The 2022 Budget and how it will effect your Investments: An Analysis

09 February, 2022

            The 2022 Budget and how it will effect your Investments: An Analysis

The budget presented by Nirmala Seetharaman had some key points for our investors. These are enumerated below.

Impact on Personal Income Tax

Following proposals of Union Budget-2022 impacts the personal income tax


Taxation on Virtual digital assets

As per the Budget proposals, the income arising from transfer of virtual digital assets will be taxed at 30%. The loss arising out of any other capital assets or other digital assets cannot be set off against the gains of these digital assets and there is no provision to carry forward the losses also for future FYs. Along with this, there is 1% TDS on payment when a person makes transfer of a digital asset to resident Indian.

As per our view (and from the FMs view - press interview post budget), the taxation on digital assets will not bring any legitimacy to virtual digital assets and it is subject to the expected 'crypto currency bill' from Government.

Now, the taxation on digital assets are the same as income from lottery, horse races, etc. The intention of 1% TDS is to track transactions. However, we feel that there may be challenges in this, since the crypto exchanges situated in abroad are also involved in this. Also, when the transfer of digital assets are peer to peer, how will the government track needs to be observed.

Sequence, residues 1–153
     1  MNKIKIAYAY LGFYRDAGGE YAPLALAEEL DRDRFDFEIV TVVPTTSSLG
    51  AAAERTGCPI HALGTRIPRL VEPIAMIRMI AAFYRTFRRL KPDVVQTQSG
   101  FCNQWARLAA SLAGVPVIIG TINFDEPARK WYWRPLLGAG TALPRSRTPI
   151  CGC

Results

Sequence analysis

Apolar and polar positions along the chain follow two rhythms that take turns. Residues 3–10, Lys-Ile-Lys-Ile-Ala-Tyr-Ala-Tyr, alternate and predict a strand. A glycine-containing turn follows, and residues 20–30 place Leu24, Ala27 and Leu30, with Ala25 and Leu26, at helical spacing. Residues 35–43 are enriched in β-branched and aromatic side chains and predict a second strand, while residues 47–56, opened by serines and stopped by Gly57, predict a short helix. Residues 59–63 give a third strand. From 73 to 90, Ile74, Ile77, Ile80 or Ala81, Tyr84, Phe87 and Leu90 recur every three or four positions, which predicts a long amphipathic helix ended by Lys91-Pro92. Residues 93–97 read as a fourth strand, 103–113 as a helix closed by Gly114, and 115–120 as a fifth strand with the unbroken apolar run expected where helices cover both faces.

As per our view, taxing digital assets are better than banning them and being called regressive, etc.

  • It will be an additional revenue stream for the Government
  • the 1% TDS would reduce the crypto transactions substantially since it basically discourages the transactions.

Apart from this, we have to wait until Government releases the guidelines on this respective proposal.

Bonus Stripping

There is a practice in the market of buying stocks prior to the record date of bonus issue. Once the stock trades at ex-bonus price, investors sell the stock at lesser price and book capital losses to set-off against the gains from other stocks.

This 'bonus stripping' in mutual funds was eliminated through Income Tax Act 1961 u/s 94(B). The current budget proposes to extend this provision to equity shares also.

Post introduction of LTCG earlier, the attractiveness of bonus stripping had been reduced significantly due to just 5% arbitrage in tax rates and currently, this budget put a permanent end to one of the loopholes prevalent for many years which enabled the tax avoidance.